Pre-Suez Crisis from a 9 year old’s view point

This was written by one of our communicators when he/she ws 9 yars old  Name the communicator?

In 1954, Colonel Gamel Abdul Nasser replaced General Neguib. He had three goals: to make Egypt independent by ending British occupation; to build up Egyptian forces for a successful attack on Israel; to improve Egypt’s economy by constructing a high dam at Aswan to irrigate the Nile valley.

On 19 October 1954 a treaty was signed by Nasser and by Anthony Nutting, British minister of state for foreign affairs. The agreement was to last for seven years.
British troops were to be withdrawn from Egypt by June 1956, and the British bases were to be run jointly by British and Egyptian civilian technicians. Egypt agreed to respect the freedom of navigation through the canal, and it was agreed that British troops would be permitted to return if the Suez Canal was threatened by an outside power.
In February 1955, Anglo-Egyptian affairs were strained once more by Eden’s decision to deprive Nasser of promised British arms. In April, Eden succeeded Winston Churchill as prime minister.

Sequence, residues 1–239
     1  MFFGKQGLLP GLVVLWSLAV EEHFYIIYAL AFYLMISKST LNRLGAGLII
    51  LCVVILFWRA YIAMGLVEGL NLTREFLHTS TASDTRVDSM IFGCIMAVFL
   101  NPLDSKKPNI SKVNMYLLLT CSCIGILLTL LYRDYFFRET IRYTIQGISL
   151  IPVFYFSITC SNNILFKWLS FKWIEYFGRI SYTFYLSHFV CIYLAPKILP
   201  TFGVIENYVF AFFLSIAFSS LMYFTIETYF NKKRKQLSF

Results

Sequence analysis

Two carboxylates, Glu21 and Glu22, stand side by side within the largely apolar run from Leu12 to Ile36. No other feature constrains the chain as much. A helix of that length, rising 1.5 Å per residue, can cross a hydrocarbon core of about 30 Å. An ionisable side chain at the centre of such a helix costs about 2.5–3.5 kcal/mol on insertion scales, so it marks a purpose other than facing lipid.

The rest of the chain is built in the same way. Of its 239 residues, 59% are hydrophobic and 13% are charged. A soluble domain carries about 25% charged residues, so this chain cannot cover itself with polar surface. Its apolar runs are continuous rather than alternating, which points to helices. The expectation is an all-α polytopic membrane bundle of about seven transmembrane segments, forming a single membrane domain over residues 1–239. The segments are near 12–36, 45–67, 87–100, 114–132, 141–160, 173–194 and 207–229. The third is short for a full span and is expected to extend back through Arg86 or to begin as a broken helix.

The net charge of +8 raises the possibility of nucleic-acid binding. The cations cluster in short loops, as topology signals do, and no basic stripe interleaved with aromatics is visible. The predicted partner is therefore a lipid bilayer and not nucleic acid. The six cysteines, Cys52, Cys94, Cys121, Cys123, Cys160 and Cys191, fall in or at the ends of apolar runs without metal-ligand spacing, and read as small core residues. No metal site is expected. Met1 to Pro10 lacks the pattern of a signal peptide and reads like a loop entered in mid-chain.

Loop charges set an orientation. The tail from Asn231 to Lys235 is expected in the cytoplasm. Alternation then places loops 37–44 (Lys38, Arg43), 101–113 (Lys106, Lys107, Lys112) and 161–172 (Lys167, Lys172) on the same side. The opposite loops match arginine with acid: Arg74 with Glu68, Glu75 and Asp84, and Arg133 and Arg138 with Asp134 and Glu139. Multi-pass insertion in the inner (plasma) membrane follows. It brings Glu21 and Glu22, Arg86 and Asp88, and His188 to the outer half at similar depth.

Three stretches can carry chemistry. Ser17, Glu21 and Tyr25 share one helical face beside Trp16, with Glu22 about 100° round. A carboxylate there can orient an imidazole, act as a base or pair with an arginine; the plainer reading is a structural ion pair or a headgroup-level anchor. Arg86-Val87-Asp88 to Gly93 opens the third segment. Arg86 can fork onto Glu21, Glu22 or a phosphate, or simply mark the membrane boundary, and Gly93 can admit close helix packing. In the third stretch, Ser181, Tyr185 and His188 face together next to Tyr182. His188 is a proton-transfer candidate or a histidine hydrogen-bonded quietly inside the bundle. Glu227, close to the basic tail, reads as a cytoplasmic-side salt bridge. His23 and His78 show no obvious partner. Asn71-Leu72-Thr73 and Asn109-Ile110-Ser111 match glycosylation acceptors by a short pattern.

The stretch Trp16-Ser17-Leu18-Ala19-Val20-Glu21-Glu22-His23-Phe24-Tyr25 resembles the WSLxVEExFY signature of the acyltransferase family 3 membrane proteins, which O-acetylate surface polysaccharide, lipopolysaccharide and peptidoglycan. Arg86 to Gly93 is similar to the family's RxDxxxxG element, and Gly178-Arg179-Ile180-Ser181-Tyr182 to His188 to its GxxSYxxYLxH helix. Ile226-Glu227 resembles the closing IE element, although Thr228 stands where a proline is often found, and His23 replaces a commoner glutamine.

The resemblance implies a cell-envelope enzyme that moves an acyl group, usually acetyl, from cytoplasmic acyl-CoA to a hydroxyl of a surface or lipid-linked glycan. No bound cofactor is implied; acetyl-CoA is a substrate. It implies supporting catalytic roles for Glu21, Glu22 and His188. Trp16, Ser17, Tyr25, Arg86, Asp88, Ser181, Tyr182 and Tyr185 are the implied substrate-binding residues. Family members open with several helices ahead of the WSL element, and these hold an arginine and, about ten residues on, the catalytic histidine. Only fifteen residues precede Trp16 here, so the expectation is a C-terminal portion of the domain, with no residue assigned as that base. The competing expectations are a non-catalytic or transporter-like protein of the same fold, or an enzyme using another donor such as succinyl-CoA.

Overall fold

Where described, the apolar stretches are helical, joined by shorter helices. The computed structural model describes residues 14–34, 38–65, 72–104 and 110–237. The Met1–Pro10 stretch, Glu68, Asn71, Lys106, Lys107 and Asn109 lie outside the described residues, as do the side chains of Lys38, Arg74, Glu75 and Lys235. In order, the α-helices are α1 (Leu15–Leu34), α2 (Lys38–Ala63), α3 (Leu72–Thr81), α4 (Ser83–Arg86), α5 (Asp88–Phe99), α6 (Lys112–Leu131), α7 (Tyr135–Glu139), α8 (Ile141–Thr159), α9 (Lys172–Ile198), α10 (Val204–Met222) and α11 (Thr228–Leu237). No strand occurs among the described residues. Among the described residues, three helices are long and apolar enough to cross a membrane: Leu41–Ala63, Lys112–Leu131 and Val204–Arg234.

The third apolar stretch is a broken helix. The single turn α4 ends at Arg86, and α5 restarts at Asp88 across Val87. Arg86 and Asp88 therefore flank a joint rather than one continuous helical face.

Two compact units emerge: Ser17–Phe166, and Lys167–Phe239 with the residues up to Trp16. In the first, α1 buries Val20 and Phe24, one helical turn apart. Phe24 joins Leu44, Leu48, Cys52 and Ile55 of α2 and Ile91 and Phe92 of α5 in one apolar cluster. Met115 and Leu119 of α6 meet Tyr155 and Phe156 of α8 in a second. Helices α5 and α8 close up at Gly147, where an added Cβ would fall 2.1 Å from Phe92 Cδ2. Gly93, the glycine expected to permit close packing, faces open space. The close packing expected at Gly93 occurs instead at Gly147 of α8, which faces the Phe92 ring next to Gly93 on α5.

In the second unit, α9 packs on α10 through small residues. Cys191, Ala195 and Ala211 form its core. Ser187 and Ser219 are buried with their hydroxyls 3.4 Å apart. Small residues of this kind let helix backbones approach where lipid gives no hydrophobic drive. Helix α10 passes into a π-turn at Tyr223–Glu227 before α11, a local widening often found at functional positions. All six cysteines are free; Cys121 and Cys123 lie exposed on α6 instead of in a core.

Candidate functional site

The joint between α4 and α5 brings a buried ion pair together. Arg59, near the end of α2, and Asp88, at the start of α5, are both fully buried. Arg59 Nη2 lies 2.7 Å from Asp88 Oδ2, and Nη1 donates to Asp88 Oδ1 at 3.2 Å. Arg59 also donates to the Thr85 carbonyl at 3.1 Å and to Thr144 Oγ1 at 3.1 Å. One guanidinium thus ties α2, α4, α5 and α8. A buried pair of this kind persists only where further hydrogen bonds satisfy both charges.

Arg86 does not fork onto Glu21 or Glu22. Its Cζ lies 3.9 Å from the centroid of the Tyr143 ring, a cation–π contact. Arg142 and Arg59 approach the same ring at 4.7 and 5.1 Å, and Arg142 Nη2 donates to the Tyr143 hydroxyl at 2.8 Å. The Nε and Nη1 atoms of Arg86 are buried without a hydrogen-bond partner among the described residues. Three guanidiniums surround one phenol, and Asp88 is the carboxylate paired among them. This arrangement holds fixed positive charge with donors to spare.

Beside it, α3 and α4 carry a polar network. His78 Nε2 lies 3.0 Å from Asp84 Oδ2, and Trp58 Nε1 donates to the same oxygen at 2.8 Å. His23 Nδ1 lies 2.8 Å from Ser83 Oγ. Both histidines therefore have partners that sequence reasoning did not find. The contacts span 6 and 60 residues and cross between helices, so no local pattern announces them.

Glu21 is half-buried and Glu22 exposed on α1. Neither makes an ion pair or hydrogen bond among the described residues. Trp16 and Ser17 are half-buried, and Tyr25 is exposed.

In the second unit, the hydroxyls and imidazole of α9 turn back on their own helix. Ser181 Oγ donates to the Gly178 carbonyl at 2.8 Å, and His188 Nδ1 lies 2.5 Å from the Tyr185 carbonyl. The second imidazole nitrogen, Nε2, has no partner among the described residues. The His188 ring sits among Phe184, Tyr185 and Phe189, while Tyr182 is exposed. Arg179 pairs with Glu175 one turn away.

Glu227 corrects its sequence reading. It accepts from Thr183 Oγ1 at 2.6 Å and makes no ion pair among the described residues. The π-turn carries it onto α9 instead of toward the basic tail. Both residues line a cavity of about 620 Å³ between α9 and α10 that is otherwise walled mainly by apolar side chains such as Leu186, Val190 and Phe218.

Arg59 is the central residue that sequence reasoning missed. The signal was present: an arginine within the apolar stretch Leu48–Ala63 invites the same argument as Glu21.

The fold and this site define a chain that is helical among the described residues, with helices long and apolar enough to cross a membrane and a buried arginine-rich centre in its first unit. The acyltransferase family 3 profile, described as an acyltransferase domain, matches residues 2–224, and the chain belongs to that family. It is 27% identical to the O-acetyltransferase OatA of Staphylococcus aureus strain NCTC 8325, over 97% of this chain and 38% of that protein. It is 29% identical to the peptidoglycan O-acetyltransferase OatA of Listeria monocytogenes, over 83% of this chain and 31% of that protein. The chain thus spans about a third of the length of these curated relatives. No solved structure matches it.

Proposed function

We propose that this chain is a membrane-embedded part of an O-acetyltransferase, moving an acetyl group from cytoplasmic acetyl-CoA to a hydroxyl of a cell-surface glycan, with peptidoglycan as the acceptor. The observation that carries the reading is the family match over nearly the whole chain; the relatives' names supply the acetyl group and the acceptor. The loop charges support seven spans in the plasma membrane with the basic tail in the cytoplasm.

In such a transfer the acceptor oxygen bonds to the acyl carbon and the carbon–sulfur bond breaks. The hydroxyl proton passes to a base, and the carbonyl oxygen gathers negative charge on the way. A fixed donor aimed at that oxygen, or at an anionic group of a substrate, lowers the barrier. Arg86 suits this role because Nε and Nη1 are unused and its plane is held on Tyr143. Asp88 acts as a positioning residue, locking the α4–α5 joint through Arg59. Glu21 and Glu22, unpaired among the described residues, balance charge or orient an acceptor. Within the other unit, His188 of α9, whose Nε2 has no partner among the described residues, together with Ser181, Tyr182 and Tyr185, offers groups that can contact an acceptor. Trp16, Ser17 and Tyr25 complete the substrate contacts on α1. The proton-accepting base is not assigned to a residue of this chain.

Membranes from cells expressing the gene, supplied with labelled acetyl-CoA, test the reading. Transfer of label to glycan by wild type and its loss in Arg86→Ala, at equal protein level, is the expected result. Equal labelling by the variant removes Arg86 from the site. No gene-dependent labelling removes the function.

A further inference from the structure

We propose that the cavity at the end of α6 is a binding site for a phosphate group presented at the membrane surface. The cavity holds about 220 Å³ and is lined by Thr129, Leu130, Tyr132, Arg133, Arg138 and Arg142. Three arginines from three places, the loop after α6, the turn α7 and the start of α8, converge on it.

As the last British troops left Egypt, Nasser was completing the purchase of Soviet-made aircraft, tanks and arms from Czechoslovakia, which might help him to realise one of his goals, the destruction of Israel.

Despite anti-western demonstrations in Egypt, in January 1956 the United States and Britain had pledged funding to help finance the construction of a new High Dam at Aswan. The US, however, became convinced that the Dam project would not be a success and wanted to reduce expenditure on foreign aid.

It was also concerned about Nasser’s purchase of Soviet arms. On 19 July, US Secretary of State John Foster Dulles informed the Egyptian ambassador in Washington that his government had decided that it would not provide funding for the construction of the dam.